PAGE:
Motto: “I write unto you young men, because you have overcome the evil”
[I epistle of St. John 2:13]
By Rev. Fr. Basil (Vasile) Mihoc, professor of theology
My beloved, victory requires struggle. There is no victory without a battle. We live in a world where it is desired that people, and especially the youth, may be defeated in their struggle and “freed” to become enslaved.
If we observe the demonic work around us, we can see its deception for it wants to give us the impression that in fact, there is no need for a spiritual battle. Many passions are now proclaimed as the norm and it’s no longer desired to fight against them! The enemy hides itself but is at work: “I write unto you young men, because you have overcome the evil” says St John, the apostle of love. The enemy has become very cleaver and it gives us the impression – in various ways – that there’s no need to fight.
In our times, even some churches proclaim a Christ that is nice and sweet, a “new Christ” that accepts man’ sins as normal and unfortunately many so-called “churches” have fallen into this trap. In the West, there are church’ leaders that proclaim loud and clear that the sins against human nature [i.e. homosexuality] are normal. Why not accepting gay couples as normal or why not have priests possessed by such ugly passions? Why not a “Christ” that is a nice guy?… So they’re troubled when they encounter Orthodox Christianity and see icons that depict a Christ who is too serious!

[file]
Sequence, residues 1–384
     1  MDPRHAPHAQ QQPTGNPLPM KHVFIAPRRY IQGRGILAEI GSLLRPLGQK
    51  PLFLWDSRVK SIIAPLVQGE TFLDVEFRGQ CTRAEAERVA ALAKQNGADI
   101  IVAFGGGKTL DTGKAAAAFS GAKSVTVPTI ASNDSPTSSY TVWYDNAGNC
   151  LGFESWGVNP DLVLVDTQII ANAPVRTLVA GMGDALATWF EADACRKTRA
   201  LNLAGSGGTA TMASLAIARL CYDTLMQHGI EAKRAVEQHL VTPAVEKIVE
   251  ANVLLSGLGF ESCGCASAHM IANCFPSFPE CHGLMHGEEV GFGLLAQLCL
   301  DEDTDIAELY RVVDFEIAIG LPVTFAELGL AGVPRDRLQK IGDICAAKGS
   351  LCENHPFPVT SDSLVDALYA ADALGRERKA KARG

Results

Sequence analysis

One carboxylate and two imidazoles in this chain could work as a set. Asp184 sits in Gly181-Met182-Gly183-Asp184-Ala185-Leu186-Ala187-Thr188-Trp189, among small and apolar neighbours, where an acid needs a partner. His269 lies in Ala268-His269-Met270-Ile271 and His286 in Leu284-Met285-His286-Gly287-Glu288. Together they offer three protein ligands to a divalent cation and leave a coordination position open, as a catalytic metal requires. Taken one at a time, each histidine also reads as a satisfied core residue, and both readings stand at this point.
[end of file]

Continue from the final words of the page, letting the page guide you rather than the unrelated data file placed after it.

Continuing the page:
Recently, I was asked by an Orthodox layman, why Christ doesn’t smile in our icons? … so He can look cute. Our Christ is too serious!
My beloved, Christ is serious for He sees the wickedness of the evil one and to what extent we are affected by it!
Life is a serious thing and it involves battle against evil. If you are not aware of this struggle you are the victim of the devil.
“I write unto you young men, because you have overcome the evil one.” – again, victory implies struggle. Any serious thing in this life is gained through hard work! Through a disciplined battle, an ascetical struggle as St. Paul puts it: “He who strives for an earthly crown practices self control…”
But the Apostle of love [St. John the Evangelist] continues:
“I wrote unto you young men, because ye are strong, and the word of God abideth in you, and ye have overcome the evil one”.
We can say that this second word of the apostle addressed to the youth comes with details on this victory. The victory doesn’t just happen by itself.
“I wrote unto you, young men, because ye are strong” – do we realize the youth that the Apostle John was referring to, when he wrote these words? A strong youth!
It seems that we do not know many strong young people today!
Today’s youth seems very fragile spiritually as they are systematically weakened, almost programmed, I may say. Today, we live in a world that weakens the spirit, the people and of course it exercises this the most on our children, in our youth. In order to be strong you need to be strengthened.
There are young people who dream to have strong muscles – so they exercise their body. Sure, this is not a bad thing if it’s done in moderation. But very few young people long for the spiritual strength, the saintly’ strength of an athlete in Christ!